“Given Scott Pruitt’s record of trying to roll back public health protections and going easy on chemical polluters, taking him at his word that he’ll swing into action on PFAS is like believing a seven-year-old who promises to clean up his room after dessert,” David Andrews, an EWG senior scientist and author of the new report, said Tuesday in a statement.
The EPA barred reporters from several news outlets, including the Associated Press, CNN, and E&E News, from the summit’s introductory statements. One reporter with the Associated Press was allegedly forcibly removed from the EPA headquarters after trying to enter to report on the summit.
“Even at a scientific conference, intended to find answers and educate the public about a serious drinking water contamination problem, we see the influence of Pruitt’s style of secrecy and entitlement,” Eric Pooley, senior vice president of the Environmental Defense Fund, said Tuesday in a statement.
The summit was focusing on a type of chemical that has attracted more attention after Politico reported last week that officials from the EPA, the Department of Defense, and the White House sought to delay the release of a report from the Centers for Disease Control that evaluates whether the chemicals are toxic.
The officials reportedly did not want the public learning that the PFAS chemicals are hazardous at a lower level than currently recommended. One Trump administration official warned release of the information would cause a “public relations nightmare,” Politico said.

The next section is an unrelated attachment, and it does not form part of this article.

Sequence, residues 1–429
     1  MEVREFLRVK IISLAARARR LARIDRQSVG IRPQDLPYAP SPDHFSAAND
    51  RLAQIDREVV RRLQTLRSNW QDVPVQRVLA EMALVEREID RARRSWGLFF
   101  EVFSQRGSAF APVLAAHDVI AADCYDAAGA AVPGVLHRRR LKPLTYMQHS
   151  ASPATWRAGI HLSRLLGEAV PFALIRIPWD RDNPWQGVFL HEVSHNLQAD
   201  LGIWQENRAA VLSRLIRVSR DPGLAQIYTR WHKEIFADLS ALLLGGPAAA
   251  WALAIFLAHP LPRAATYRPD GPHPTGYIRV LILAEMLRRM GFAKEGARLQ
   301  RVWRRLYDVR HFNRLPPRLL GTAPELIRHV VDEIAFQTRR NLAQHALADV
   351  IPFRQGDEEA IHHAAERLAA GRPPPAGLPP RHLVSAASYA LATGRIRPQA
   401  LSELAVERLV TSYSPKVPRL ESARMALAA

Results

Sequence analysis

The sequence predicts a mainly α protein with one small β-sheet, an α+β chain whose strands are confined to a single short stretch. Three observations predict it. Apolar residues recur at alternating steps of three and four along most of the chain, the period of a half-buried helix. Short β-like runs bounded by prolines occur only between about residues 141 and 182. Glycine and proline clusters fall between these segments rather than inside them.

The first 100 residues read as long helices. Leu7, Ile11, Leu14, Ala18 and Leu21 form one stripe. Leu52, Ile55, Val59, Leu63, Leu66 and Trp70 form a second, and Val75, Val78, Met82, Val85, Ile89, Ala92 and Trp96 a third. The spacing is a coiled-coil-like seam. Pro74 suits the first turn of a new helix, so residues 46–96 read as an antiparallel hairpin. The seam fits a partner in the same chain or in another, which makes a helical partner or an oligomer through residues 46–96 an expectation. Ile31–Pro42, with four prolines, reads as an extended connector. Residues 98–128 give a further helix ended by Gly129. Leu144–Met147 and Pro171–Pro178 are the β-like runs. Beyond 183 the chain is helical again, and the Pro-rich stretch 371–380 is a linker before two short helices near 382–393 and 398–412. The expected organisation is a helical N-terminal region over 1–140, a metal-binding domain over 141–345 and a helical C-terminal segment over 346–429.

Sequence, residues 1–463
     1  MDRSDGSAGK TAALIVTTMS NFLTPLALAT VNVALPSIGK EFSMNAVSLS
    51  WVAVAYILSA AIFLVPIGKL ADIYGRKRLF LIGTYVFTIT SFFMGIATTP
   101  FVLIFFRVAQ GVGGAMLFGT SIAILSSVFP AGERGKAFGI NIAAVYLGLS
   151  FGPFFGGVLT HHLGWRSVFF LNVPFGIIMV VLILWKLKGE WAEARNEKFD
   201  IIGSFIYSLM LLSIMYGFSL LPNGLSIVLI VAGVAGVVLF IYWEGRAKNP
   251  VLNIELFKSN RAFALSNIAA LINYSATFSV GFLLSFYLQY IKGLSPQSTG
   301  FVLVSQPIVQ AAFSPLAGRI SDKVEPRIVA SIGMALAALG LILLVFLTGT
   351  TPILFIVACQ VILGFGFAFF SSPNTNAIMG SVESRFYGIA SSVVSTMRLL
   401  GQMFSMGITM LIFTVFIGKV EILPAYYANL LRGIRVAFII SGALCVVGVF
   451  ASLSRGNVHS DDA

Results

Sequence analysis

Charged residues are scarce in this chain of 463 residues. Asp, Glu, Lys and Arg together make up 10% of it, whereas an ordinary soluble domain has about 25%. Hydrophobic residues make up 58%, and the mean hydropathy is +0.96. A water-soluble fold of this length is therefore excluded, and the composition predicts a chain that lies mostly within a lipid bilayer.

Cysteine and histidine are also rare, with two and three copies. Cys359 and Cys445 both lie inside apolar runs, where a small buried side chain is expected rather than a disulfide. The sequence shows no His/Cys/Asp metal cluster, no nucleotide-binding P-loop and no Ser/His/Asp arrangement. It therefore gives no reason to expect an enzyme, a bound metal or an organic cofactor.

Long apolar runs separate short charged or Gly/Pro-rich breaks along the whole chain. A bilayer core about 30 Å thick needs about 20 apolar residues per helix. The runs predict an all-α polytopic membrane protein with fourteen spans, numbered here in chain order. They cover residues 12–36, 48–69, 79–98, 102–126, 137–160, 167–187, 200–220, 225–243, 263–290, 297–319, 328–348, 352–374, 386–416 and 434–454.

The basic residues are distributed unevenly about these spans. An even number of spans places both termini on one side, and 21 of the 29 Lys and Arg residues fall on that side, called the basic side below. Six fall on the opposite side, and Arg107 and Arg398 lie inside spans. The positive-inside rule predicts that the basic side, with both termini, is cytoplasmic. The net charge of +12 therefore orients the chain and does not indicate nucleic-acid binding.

Although certain types of these chemicals have been phased out of production, they can last in the environment and in the human body for long periods of time. And, in response to the bans, manufacturers have replaced them with structurally similar, largely untested, chemicals that may be no safer.
The most-studied fluorinated chemicals are PFOA, formerly used to make Teflon, and PFOS, formerly an ingredient of 3M’s Scotchgard. The two chemicals were phased out under pressure from the EPA after revelations that DuPont and 3M covered up evidence of their health hazards. Both chemicals are now banned in the U.S., but manufacturers have replaced them with chemicals that are similar at the molecular level.